How do I fatten up an underweight cat?
Now to answer the question, firstly of course if there is an underlying sickness contributing to a loss of appetite that needs to be addressed (we will look at that further down the article). If that is fixed, the appetite should return. Basically, you want to stimulate your cat's appetite (if he's stopped eating) and/or increase calories. Below are some ways to help fatten up a cat.
Why is my cat losing weight?
Cats lose weight for a number of reasons and diet alone is just one small cause. Before we go into ways to help fatten up your cat, it is important to determine if there is an underlying cause. Weight loss can be loosely divided into the following categories:
- Sickness resulting in a loss of appetite
- Loss of appetite due to other factors (fussiness, stress etc)
- Weight loss despite a healthy appetite and no underlying sickness (not enough food, nursing queen, age-related it is common for cats to lose muscle mass as they age)
- Weight loss due to a medical condition but not related to loss of appetite (hyperthyroidism, IBD to name two)
Medical causes are seen most commonly in middle-aged to senior cats, the majority of which cause your cat to lose weight due to a poor appetite. Hyperthyroidism, on the other hand, speeds up your cat's metabolism, so despite a normal to increased appetite, your cat continues to lose weight.
The most common causes in middle-aged to senior cats include:
- Hyperthyroidism - Caused by a benign tumour of the thyroid gland which causes the metabolism to speed up.
- Diabetes -
- Kidney disease - Senior cats are very prone to developing kidney disease. As the kidneys fail, toxins begin to build up in the cat's system, causing him to feel unwell and lose his appetite.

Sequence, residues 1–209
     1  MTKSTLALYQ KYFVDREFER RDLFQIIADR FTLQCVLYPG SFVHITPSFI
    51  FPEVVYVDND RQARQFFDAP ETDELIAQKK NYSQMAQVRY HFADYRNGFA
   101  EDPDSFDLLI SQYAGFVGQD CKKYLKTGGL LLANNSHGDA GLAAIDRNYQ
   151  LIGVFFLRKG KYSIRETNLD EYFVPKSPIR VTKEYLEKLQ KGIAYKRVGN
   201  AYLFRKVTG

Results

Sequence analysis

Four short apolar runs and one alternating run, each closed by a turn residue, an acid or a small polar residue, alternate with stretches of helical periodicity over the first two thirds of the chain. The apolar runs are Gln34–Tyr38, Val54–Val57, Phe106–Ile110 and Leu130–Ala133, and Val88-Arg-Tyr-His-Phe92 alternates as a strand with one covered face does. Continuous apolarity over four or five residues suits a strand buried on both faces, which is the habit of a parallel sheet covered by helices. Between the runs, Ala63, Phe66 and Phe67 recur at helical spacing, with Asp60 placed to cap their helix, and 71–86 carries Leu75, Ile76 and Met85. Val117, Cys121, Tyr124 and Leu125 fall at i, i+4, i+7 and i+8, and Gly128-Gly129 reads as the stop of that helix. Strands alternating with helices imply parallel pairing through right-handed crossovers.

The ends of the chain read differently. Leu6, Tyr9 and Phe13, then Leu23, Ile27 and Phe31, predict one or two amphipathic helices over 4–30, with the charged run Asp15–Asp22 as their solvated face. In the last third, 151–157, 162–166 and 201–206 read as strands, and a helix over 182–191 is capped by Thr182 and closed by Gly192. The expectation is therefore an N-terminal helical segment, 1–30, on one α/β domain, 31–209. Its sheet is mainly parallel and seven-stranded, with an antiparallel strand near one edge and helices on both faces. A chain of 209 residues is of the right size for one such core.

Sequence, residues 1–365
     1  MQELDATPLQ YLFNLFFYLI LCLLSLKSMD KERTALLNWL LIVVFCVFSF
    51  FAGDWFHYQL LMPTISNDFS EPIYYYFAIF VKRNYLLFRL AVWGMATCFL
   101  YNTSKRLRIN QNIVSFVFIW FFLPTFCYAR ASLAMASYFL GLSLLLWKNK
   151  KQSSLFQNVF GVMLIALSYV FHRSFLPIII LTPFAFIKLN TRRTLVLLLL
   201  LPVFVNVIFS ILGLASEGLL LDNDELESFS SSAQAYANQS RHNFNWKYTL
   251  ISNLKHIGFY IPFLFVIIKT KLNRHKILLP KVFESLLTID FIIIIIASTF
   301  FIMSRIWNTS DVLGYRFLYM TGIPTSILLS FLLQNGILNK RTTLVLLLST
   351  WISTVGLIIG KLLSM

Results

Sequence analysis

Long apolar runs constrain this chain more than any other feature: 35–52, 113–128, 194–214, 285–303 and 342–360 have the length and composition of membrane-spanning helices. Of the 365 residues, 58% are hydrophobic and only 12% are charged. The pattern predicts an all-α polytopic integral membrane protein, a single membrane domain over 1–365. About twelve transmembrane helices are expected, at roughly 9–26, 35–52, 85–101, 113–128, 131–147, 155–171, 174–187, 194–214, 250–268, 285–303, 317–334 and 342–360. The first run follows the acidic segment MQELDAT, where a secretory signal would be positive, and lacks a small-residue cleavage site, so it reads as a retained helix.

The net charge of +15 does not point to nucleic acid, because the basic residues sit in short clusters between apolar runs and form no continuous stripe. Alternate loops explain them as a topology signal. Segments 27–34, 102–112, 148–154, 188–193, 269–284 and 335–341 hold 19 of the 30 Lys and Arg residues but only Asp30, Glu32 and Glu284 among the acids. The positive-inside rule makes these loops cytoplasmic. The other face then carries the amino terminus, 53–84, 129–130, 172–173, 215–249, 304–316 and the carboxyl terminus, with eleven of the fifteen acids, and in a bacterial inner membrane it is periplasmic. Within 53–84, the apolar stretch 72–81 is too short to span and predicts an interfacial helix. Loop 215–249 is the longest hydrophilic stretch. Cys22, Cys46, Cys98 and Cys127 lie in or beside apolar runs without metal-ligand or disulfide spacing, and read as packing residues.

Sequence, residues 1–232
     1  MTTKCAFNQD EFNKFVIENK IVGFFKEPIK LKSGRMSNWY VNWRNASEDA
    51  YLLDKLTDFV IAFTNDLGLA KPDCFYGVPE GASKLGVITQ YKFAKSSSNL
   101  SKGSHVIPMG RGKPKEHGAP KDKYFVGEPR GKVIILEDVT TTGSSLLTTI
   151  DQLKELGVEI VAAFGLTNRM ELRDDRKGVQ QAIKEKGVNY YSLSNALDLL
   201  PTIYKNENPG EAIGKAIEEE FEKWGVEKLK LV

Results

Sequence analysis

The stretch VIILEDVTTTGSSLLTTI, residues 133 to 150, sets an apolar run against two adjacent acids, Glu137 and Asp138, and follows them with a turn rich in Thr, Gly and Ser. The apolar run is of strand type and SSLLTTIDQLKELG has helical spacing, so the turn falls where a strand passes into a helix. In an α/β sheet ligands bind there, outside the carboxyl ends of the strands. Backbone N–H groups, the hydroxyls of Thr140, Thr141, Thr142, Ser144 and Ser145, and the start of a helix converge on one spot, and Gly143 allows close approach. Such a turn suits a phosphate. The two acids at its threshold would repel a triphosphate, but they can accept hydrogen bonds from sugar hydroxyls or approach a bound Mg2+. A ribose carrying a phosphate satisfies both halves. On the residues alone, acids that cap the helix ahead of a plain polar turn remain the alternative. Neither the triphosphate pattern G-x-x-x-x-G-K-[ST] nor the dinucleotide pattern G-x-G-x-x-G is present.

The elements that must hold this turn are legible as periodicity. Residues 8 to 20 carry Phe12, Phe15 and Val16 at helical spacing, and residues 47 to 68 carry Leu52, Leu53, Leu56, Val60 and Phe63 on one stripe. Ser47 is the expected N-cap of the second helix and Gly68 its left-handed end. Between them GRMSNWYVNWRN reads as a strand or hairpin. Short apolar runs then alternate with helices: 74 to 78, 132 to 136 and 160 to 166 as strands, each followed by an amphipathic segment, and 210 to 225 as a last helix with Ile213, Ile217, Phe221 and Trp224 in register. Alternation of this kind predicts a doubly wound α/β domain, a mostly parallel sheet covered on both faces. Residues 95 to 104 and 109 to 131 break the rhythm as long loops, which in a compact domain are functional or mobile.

- Cancer - There are many types of cancer which can develop in cats, most cancers will cause your cat to feel unwell, which in turn leads to anorexia and weight loss. Cancers can develop in the cat's mouth, creating discomfort when he eats.
Other causes of weight loss include:
- Parasitic worms - Cats are prone to several types of parasitic worms, tapeworm is the most common cause of weight loss in cats due to the worm competing with the cat for food.
- Nursing kittens - A lactating queen (mother cat) uses enormous resources to provide nourishment to her kittens, which over time can lead to her losing weight.
- Mouth ulcers
- Cryptosporidium and giardia - Parasitic infections caused by single-celled protozoa resulting in vomiting and diarrhea.
- Ecoli - A bacterial infection of the intestinal tract leading to vomiting and diarrhea.
- Inflammatory bowel disease - A leading cause of vomiting and diarrhea in cats, IBD is a group of disorders caused by the infiltration of inflammatory cells in the intestinal tract resulting in poor digestion and absorption of food.
- Cat flu - There are several types of pathogen which can cause flu in cats, symptoms typically affect the upper respiratory tract which can result in a loss of appetite as they lose their sense of smell.
- Stress - Cats are very sensitive to changes in routine, household, bullying from other cats.
This list is by no means extensive, there are many other medical causes. Read here for more causes of weight loss in cats.
How is the cause of weight loss diagnosed?
Many of the above conditions will also have additional side effects, which can give your veterinarian an indicator as to what the problem is.
Your veterinarian will perform a complete physical examination of your cat and obtain a medical history from you. He will want to perform some baseline tests to check the overall health of your cat. These will include a biochemical profile, urinalysis and a complete blood count. Depending on his index of suspicion, he may want to perform additional tests such as x-rays, ultrasound, and additional bloodwork.